In yet another aspect, the invention includes a system for testing the interaction of a test subject with a subject database application. The system includes database specific back-end software for interacting with a database application, and database neutral front-end software for controlling the back-end software. The front-end software is independent of the subject database application.

DESCRIPTION OF THE DRAWINGS

FIG. 1 shows an example of a system in which the testing system of the invention is implemented.

FIGS. 2–12 are C-language headers for selected functions of the testing system.

DETAILED DESCRIPTION

FIG. 1 shows a typical data processing system 10 in which a host 12 connects to a data-storage system 14 through a switch 16. The host 12 can be a server or it can itself be another data-storage system, in which case the data-storage system 14 functions as a back-up data-storage system. As used herein, the term “host” refers to any data processing system that provides data to be stored in the data-storage system 14. A user at the host 12 interacts with a database 18 stored on the data storage system by reading and/or writing data, or by performing various other operations.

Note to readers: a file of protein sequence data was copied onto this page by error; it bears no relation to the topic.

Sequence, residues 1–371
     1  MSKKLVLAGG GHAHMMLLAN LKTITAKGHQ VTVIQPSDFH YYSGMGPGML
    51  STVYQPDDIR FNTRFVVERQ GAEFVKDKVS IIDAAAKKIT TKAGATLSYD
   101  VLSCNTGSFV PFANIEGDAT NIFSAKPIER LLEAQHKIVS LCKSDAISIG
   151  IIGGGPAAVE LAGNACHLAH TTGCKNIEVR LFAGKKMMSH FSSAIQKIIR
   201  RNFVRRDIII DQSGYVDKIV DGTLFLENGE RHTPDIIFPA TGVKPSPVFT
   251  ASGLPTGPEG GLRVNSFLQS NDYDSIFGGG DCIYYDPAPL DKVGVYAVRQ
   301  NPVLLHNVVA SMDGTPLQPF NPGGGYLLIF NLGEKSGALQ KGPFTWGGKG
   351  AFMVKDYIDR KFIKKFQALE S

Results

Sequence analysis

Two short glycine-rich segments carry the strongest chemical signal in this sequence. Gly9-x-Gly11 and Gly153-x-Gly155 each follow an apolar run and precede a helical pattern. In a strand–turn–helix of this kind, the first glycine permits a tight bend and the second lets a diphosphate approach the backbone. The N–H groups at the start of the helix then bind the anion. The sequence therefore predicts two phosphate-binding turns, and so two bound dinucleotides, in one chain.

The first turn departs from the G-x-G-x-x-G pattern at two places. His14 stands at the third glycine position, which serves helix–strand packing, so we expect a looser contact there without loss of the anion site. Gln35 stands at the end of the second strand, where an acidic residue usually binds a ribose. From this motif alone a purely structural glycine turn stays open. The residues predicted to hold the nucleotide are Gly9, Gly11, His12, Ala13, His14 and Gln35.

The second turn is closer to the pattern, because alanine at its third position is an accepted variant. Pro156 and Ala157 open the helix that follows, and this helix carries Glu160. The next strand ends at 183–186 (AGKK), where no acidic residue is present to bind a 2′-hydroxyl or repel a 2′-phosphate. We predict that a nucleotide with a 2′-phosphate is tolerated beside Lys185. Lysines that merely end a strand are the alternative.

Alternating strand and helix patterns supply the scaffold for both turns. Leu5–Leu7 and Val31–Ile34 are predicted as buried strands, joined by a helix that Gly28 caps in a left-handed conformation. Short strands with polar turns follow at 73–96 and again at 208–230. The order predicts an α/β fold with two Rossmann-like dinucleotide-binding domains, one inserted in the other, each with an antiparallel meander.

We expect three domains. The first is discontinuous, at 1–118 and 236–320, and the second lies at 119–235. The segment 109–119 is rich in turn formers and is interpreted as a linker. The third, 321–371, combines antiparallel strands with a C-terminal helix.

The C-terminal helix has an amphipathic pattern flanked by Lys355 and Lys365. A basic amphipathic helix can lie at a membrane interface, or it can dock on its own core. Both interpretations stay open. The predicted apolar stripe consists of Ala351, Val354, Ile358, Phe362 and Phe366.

A manufacturer or developer of any one of the components shown in FIG. 1, or any constituents thereof, will generally test that component by performing a sequence of database exercises. As used herein, the terms “component” and “test subject” include any one or more of the components shown in FIG. 1 and/or the constituents thereof. The terms “component” and “test subject” are not restricted to hardware components and can include, for example, software executing on any of the components shown in FIG. 1.

Exemplary database exercises to be performed in testing a component can include creating databases, reading and writing to those databases, copying databases, and the like. During the test procedure, the manufacturer confirms that no errors have occurred in connection with these database exercises. In this context, the nature of the data itself is largely irrelevant. What is important is that the database exercises be performed correctly.